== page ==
Difference between revisions of "User:Nightmareci"

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In this page, the very top row is row number 0, the row below the top row is row number 1, and so on, until 20 (TGM1 has 20 visible rows + 1 vanish zone row).
 
In this page, the very top row is row number 0, the row below the top row is row number 1, and so on, until 20 (TGM1 has 20 visible rows + 1 vanish zone row).
 
== Tetris The Grand Master ==
 
== Tetris The Grand Master ==
Some of the following information may not be consistent with other wiki pages; where this applies, simply ignore the information elsewhere in the wiki. Information here is still work in progress.
+
Some of the following information may not be consistent with other wiki pages; where this applies, simply ignore the information elsewhere in the wiki. Corrections to this information by others are only accepted if supported by examples. Information here is still work in progress.
 
=== Gravity ===
 
=== Gravity ===
 
Directly from [[Tetris The Grand Master]], here is the gravity curve:
 
Directly from [[Tetris The Grand Master]], here is the gravity curve:

Revision as of 00:18, 18 February 2009

Definitions

In this page, the very top row is row number 0, the row below the top row is row number 1, and so on, until 20 (TGM1 has 20 visible rows + 1 vanish zone row).

Tetris The Grand Master

Some of the following information may not be consistent with other wiki pages; where this applies, simply ignore the information elsewhere in the wiki. Corrections to this information by others are only accepted if supported by examples. Information here is still work in progress.

Gravity

Directly from Tetris The Grand Master, here is the gravity curve:

Internal Gravity[1]
Level Interal Gravity
(1/256 G)
Level Internal Gravity
(1/256 G)
0 4 220 32
30 6 230 64
35 8 233 96
40 10 236 128
50 12 239 160
60 16 243 192
70 32 247 224
80 48 251 256 (1G)
90 64 300 512 (2G)
100 80 330 768 (3G)
120 96 360 1024 (4G)
140 112 400 1280 (5G)
160 128 420 1024 (4G)
170 144 450 768 (3G)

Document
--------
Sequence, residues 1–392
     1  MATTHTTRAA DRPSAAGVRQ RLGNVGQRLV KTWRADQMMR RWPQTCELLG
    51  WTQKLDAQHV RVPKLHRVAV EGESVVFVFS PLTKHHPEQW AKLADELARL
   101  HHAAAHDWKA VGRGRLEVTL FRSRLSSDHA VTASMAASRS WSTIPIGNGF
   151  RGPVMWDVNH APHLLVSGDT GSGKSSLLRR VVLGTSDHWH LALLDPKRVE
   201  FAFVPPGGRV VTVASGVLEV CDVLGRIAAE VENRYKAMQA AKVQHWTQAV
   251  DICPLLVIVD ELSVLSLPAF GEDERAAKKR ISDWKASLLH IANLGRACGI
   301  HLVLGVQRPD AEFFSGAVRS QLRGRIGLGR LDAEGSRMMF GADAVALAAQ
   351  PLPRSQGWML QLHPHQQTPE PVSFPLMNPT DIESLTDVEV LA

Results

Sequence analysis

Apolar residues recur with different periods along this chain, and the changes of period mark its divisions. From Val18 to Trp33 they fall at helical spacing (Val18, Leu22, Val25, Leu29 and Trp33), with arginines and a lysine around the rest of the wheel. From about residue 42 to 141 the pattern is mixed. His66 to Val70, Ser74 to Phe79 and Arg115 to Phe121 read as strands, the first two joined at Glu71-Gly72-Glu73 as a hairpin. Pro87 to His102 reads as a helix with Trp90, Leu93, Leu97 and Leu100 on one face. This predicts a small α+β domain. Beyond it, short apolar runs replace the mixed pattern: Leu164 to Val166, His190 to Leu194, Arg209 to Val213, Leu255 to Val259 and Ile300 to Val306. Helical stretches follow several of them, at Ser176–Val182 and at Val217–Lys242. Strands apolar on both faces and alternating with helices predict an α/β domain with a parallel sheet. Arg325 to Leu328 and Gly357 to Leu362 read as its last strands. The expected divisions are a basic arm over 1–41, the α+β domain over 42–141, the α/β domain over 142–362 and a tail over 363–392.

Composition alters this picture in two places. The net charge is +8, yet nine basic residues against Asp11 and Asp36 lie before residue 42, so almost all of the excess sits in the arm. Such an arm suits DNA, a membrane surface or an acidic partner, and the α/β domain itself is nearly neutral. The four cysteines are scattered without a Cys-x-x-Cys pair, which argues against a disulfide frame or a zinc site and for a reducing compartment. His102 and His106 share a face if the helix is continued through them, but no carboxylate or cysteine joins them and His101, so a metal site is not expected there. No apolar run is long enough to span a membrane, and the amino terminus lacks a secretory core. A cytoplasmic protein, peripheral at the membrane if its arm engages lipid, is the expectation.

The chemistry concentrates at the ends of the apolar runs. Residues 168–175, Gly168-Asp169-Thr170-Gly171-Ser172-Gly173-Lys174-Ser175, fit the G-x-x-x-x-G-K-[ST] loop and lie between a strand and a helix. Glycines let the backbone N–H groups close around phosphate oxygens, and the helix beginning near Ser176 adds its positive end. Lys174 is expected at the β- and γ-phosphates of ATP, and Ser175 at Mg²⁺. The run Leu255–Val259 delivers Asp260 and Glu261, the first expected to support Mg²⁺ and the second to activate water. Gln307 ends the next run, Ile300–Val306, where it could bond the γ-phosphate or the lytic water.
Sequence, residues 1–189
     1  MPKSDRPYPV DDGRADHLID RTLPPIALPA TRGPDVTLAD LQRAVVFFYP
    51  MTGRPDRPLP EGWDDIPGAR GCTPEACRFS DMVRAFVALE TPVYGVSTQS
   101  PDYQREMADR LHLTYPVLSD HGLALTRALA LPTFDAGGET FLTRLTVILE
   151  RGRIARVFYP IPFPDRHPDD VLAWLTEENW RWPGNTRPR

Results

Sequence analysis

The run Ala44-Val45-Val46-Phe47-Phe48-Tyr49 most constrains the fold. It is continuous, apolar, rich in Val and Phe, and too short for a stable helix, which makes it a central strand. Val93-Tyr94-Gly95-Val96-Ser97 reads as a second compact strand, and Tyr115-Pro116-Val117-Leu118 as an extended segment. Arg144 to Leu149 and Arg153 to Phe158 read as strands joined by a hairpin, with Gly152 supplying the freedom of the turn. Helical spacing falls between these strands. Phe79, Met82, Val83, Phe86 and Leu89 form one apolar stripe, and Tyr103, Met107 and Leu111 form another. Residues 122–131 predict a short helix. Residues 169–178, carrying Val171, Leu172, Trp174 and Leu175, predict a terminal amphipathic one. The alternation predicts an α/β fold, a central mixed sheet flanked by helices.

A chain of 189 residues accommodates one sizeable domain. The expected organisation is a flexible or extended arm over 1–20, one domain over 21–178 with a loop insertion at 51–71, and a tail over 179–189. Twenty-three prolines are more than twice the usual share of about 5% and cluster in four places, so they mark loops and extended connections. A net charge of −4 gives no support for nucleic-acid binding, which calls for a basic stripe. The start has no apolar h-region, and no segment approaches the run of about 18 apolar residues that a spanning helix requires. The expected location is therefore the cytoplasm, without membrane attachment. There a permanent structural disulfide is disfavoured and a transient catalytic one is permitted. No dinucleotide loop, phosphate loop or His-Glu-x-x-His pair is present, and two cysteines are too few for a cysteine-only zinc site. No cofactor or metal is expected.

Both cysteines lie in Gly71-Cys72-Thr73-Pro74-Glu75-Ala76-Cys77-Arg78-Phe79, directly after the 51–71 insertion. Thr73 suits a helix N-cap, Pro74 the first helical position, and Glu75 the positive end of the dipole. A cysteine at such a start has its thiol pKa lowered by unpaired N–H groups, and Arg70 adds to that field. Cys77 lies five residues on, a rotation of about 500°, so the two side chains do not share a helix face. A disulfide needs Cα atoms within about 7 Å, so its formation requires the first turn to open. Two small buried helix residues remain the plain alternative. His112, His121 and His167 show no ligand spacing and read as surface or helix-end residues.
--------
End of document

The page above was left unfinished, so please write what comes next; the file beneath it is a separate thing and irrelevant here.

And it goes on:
200 4 500 5120 (20G)

In the following, Gcount is the current Gravity Count; Gspeed is the Gravity Speed, and is equal to one of the Internal Gravity entries in the above table. All values can be represented with unsigned integers, as no negative values ever appear. All division has the fractional part truncated, as in ISO C (60/256 = 0, 252/256 = 0, 260/256 = 1).

On the first frame of piece display, a soft drop input is simply ignored, so, for example, some variable representing whether soft drop "is pressed" or "not pressed" would be set to "not pressed" on the first frame. The second frame and later can have a soft drop input set, for example, as "is pressed"; this processing of input occurs outside this description.

  1. Preparation for the pieces' first displayed frame (such as during ARE):
    • Gcount = 0
    • Gspeed is set to the appropriate value for the current level
    • Attempt to place the piece in row number 1 + Gspeed / 256, higher if necessary
  2. Every frame this piece is displayed:
    • If soft drop is pressed:
      • If Gspeed < 256:
        • Attempt to drop one line
      • If the piece has blocks beneath it now:
        • Lock the piece
      • Go to 3.
    • If there are blocks below this piece:
      • Set Gcount to Gspeed
    • If Gcount is greater than or equal to 256:
      • Attempt to drop Gcount / 256 lines
      • Set Gcount to the remainder of Gcount / 256 (in C, this would be "Gcount %= 256")
    • Increase Gcount by Gspeed
    • Go to 3.
  3. Further processing after gravity (processing will come back to 2. if the piece hasn't locked)

In ANSI C, one can use bitwise operators instead of the division and modulo (%) operators, because 256 is a power of 2; a simple example follows:

placeInRow = 1 + Gspeed >> 8; // equivalent to 'placeInRow = 1 + Gspeed / 256;'
linesToDrop = Gcount >> 8; // equivalent to 'linesToDrop = Gcount / 256;'
Gcount &= 255; // equivalent to 'Gcount %= 256;'

On more limited systems where division and modulo would be noticeably slow, using bitwise operators this way can significantly improve performance. Because only positive integers appear in these expressions, ANSI C guarantees these expressions are equivalent, on implementations following ANSI C. On very limited systems (such as the NES), these would be easy to translate to assembly.